The general rule is that the unsuccessful party to litigation pays the costs of the successful party. However where a defendant has a reasonable apprehension that the plaintiff will be unable to pay the defendant’s legal costs, the defendant can apply to court for an order that the plaintiff lodge a fixed amount of money to Court as security against the defendant’s costs. Irish courts are hesitant in granting such orders as they may hinder a genuine claim progressing simply because of the financial standing of the plaintiff. The courts must balance the constitutional right of access to the courts and a defendant’s right to be protected from the risk of successfully defending a claim but not recovering the costs of that defence. Security for costs will not be ordered against a personal plaintiff who resides in the EU and consequently the majority of applications relate to corporate plaintiffs. However, when successful, an order for security for costs often discourages a claim from proceeding further, particularly a claim where the plaintiff views the defendant, or more often the insurer, as having “deep pockets”.
In this particular dispute the plaintiff, a limited company, claimed that the defendant, its solicitor, was professionally negligent in failing to act on instructions to close a sale of land resulting in significant loss. The defendant solicitor alleged that the plaintiff was never in funds to close the sale. Company accounts showed that there was a significant sum available to the plaintiff however the notes to the accounts showed that the sum related to the High Court proceedings and were only an indication of how much the plaintiff hoped to recover from these proceedings rather than actual funds held by it. As such, the plaintiff had no real assets and would not be able to discharge a costs order. Having regard to the plaintiffs impecuniosity, the defendant made an application under section 390 of the Companies Act 1963 for security for costs which came before Judge Hogan.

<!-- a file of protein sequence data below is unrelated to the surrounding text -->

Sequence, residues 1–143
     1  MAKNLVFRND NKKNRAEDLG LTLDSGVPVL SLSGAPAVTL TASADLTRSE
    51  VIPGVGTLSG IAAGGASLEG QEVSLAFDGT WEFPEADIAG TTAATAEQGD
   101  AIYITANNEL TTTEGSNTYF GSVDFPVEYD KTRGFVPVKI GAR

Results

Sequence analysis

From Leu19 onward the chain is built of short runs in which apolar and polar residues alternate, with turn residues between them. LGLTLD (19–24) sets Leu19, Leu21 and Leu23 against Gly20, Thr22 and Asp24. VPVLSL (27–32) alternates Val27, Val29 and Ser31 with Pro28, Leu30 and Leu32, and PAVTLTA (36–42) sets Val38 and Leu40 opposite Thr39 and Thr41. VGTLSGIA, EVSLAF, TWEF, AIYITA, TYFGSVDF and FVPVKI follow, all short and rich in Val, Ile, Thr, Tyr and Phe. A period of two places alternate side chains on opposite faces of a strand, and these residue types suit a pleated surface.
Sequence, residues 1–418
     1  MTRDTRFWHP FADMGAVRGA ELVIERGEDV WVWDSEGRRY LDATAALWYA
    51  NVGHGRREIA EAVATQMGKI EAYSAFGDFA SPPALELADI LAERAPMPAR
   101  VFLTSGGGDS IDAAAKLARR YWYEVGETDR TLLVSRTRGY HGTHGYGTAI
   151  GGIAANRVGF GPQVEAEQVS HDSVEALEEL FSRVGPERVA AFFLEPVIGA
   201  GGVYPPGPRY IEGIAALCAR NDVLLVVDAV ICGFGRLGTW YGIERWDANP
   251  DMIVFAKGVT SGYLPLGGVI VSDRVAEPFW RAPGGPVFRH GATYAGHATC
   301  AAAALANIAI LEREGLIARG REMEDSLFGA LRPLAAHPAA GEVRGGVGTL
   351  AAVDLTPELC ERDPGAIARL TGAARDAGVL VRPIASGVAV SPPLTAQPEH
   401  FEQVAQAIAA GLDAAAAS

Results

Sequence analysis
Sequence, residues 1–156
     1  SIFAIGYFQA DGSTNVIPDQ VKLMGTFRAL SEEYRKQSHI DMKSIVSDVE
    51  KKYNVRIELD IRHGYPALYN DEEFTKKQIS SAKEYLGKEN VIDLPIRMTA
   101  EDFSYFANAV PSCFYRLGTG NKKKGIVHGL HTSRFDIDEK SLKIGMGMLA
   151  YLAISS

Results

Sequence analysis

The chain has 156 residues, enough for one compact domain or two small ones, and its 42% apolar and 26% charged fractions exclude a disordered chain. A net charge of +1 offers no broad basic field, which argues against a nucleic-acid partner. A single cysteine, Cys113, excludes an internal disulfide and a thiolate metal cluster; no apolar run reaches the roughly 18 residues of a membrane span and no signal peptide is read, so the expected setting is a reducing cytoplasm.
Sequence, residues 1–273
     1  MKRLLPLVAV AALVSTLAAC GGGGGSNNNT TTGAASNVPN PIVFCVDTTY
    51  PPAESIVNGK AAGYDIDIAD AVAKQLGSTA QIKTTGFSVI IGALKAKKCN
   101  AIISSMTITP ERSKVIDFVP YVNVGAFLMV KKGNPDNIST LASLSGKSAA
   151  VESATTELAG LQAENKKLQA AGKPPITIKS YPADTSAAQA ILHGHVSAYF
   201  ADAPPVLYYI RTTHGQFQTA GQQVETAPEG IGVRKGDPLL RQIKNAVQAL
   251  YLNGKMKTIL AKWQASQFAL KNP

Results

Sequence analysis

In considering the application, Hogan J made reference to the recent decision by Clarke J in James Elliot Construction Co Ltd v Irish Asphalt Ltd  IECH 234 when he summarised the legal principles governing the courts discretion to grant such an order as follows:
“a defendant … must establish two things. First, the defendant must establish a bona fide defence and second, the defendant must produce credible evidence to the effect that the plaintiff would not be able to discharge costs in the event that the defendant was successful and awarded its costs. If both of these matters are established then the onus rests on the relevant plaintiff to establish special circumstances…”
Taking each of these principles in turn, Hogan J concluded the defendant had established a prima facie defence and noted that the plaintiff had not put forward any evidence to show that it was in a position to close the transaction before the expiration of a completion notice. Additionally, Hogan J commented that both parties accepted that the plaintiff was unable to discharge the defendant’s costs. Given that the defendant successfully met the first two criteria, the burden shifted to the plaintiff to establish that some “special circumstance” existed as to why no such order for security should be made.
The special circumstance relied on by the plaintiff was that its impecuniosity was caused directly by the negligence of the defendant. In considering this argument, Hogan J referred to Connaughton Road Construction Ltd v Laing O’Rourke (Ireland)  IEHC 7 who summarised the approach taken by the Supreme Court in Usk and District Residents Association Ltd. In Connaughton Road Clarke J set down four propositions that the plaintiff must establish to prove that special circumstances exist and thereby avoid an order for security for costs: